Thursday, December 29, 2011
Fran Spector Atkins tells a story about interviewing Monterey Bay Aquarium Research Institute ocean chemist Dr. Peter Brewer for Ocean, SpectorDance’s latest multimedia dance work. The dance company partnered with MBARI, the National Steinbeck Center and Sunset Center’s Classroom Connections Program to produce an educational component and the performance piece. The project, which blends interviews with scientists, undersea videos and original music, uses dance to address climate change and its effects on the oceans. But Brewer wasn’t seeing it.
“He said, ‘What am I doing?’” she remembers. This was not the reaction she wanted from the decorated scientist. “But when he saw the performance, he was transformed.”
It’s a common reaction to the uncommon piece of work. Spector Atkins started off 2011 with a $10,000 National Endowment for the Arts grant to help produce Ocean, and followed it up with a $20,000 grant from Tom’s of Maine based on public votes. She’s hoping to end the year with local donations to pay artists’ fees, support touring costs and fund curriculum development and outreach performances for schools. Some 1,500 students will see Ocean at the Steinbeck Center for Arts and Culture on March 1 (there will also be a performance open to the public).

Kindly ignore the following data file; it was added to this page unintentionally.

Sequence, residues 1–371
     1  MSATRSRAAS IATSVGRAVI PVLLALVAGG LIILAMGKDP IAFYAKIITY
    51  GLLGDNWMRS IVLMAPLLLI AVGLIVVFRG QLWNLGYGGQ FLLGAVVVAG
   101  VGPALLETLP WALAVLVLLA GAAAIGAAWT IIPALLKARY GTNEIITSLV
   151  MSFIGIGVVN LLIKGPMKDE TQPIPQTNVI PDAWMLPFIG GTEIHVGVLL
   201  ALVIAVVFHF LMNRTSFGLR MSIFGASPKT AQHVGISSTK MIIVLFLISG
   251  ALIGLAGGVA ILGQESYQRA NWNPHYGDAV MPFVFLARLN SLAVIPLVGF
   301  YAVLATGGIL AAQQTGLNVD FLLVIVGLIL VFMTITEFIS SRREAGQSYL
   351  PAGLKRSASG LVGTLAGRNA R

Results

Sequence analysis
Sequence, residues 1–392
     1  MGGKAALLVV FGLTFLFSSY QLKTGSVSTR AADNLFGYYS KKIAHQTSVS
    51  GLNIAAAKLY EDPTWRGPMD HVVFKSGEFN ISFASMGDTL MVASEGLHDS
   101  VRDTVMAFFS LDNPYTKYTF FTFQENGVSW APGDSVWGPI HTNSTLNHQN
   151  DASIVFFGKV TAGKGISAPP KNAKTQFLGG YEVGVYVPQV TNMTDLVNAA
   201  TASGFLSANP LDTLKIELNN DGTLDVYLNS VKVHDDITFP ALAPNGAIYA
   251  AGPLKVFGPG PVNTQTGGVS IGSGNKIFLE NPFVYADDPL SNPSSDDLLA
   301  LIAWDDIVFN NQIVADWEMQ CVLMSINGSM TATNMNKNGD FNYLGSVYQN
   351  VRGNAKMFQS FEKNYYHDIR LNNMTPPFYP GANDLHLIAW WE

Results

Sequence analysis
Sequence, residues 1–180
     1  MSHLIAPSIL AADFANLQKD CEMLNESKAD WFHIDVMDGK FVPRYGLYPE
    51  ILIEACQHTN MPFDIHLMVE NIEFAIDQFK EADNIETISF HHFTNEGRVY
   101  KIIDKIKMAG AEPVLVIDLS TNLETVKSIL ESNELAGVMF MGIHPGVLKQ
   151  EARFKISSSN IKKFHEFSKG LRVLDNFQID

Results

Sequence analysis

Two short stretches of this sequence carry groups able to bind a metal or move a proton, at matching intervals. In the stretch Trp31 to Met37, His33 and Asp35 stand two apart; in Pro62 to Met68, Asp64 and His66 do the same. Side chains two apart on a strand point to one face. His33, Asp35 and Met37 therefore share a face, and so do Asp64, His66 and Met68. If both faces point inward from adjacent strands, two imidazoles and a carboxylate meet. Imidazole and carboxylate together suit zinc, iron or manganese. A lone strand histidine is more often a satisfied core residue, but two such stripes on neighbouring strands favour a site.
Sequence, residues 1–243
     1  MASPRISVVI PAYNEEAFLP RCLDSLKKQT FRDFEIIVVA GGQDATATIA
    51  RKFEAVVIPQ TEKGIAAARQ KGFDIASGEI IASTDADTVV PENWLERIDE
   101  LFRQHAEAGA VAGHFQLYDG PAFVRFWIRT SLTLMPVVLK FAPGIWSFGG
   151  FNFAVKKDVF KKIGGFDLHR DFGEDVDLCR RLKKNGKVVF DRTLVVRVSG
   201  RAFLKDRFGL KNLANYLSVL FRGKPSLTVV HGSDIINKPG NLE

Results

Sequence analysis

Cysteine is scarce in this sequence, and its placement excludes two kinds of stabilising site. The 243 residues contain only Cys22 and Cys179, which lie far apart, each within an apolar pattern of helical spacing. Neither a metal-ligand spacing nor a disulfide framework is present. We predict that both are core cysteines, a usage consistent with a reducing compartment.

Spector Atkins hopes every child in Monterey County can have the opportunity to experience the work, and notes MBARI would like to host teachers workshops. Plus, the Smithsonian contacted her about touring in Washington, D.C., this spring, and she’s received interest from other groups in California, Alaska and Washington state.
“It’s a unique coming together of art and science, and it gives audiences access to top-quality, cutting-edge science and first-class artistic exploration of the themes,” she says.
Through the Sunset Center’s Classroom Connections Program, Ocean has an in-school component where each classroom receives an ocean science lesson and a session on creative exploration. Then the students see the show and receive a follow-up classroom visit.
The first group – 500 sixth graders – saw Ocean Nov. 17 at Sunset Center.
“Sixth graders are a little rowdy,” says Natalie Hall, who runs the Classroom Connections Program. “But they came into the theater and as soon as the projection screens came down and the performance started, they were mesmerized.”
Plus, she says, the students retained what they learned: “It wasn’t just learning a science lesson. They were forced to think about it in terms of movement and color and how would they choreograph a piece about a healthy ocean.”
Aside from reaching more students and a broader audience, Spector Atkins wants to see Ocean evolve creatively. “We definitely identified the issues and did it in a way that’s educational and emotional,” she says. “I would like to focus on an action plan from this point forward, a message that inspires people.”